One big difference is the increased presence of streaming within the market.  In the last summer season before the pandemic, 2019, there were only a small handful of streaming platforms (Netflix, Amazon, and Hulu).  Since that summer, the market has been flooded with new competitors, most of them coming from the big studios (Disney+, Max, Peacock, and Paramount+).  This really fundamentally changed not just the kinds of movies that were being made, but also what audiences would be paying extra to go out to the theaters for.  With the pandemic complicating things further, we saw what is likely the biggest shift in audience viewing habits since the invention of television.  But, there were those movies that indeed break through and were undeniably must see films in a theater.  Top Gun: Maverick drew in audiences with it’s incredible stunt work on screen, while Avatar: The Way of Water dazzled with it’s fully immersive environments.  These were not cheap films to make, but they still managed to capture their audience in a way that many others in the industry seem to fail to grasp.  So, what made these films soar while others are failing so miserably.  The primary reason is that the films being made are not justifying the exorbitant costs that are attached to them.  Relating back to the big push made during the streaming wars, a lot of the studios wanted to flex their muscles by delivering movies and programs that would outshine their rivals and put greater value into the library of projects that were going to be found on their streaming platforms.  This meant a greater investment on the most popular brands that are a part of each studios portfolio.  If people were excited about the ability to stream all the Tranformers movies on Paramount+, or all the Marvel movies on Disney+, or all the DC movies on Max, then it made sense to the executives to continue to invest a bunch more money into expanding those library titles; no matter the cost.  But, as we’ve found out, not everyone is as thrilled about these franchises as we thought.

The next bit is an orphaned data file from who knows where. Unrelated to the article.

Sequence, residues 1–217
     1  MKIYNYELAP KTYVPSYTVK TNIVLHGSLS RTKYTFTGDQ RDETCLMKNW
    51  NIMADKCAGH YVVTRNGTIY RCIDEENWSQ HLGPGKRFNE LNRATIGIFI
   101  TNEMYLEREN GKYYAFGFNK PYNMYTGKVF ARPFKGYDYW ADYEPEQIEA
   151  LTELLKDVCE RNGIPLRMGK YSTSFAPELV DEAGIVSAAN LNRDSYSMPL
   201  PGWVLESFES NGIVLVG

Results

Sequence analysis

In some cases, the cost associated with some of these movies seem excessively frivolous.  To have an Indiana Jones movie cost nearly $300 million in just production alone is particularly hard to justify, especially considering that it’s more than the past 4 movies in the franchise combined.  Whatever accounting made this acceptable for Disney has got to be based on pretty suspect or outdated consumer research.  Sure, Indiana Jones is a valuable brand that has produced some of the greatest action films that have ever been made, but it’s heyday was over 30 years ago.  A more accurate reading of audiences today will tell you that Indiana Jones as a franchise will not perform like a Star Wars or a Marvel project would.  And yet Disney still poured a fortune into this movie.  Disney would be in a much precarious position if this wasn’t a problem affecting all the major studios.  Pretty much every studio has seen slumping box office returns from this Summer.  Fast X (2023) and The Flash (2023) are just as big of disappointments as Dial of Destiny for their respective studios because of their out of control costs, though Fast X has saved face a bit from better international numbers.  The studios are having to come to the realization that not only have they miscalculated the value of their franchises at the box office, but they have also inadvertently undermined their ability to convince audiences that these movies are worth seeing in theaters at all thanks to their years of aggressively pushing their presence in the streaming market.  There are a lot of audiences now who would rather stay home and wait for these movies to release on streaming, which is knee-capping these films upon their initial releases and making it appear like the brands themselves are failing.  One of the most illogical choices made during the streaming wars was taking so many movies that were clearly made for theatrical exhibition and pushing them straight to streaming instead of waiting for theaters to recover.  This made sense when the pandemic was at it’s peak, but when Hollywood was still doing it a year out, it just undermined their brand because now you had made an audience more used to seeing these movies appear on streaming.  No more brand suffered from this more than Pixar, which saw three of their films go straight to streaming; Soul (2020), Luca (2021), and Turning Red (2022).  The necessity could be made for the first two, but Turning Red should have absolutely been given a full theatrical release based on it’s critical acclaim and broad appeal.  Because Pixar’s brand has been associated more with streaming as of late, it has shackled the releases of their films that have made it to theaters like Lightyear (2022) and Elemental (2023) because their audience is more inclined to wait for them to be on Disney+.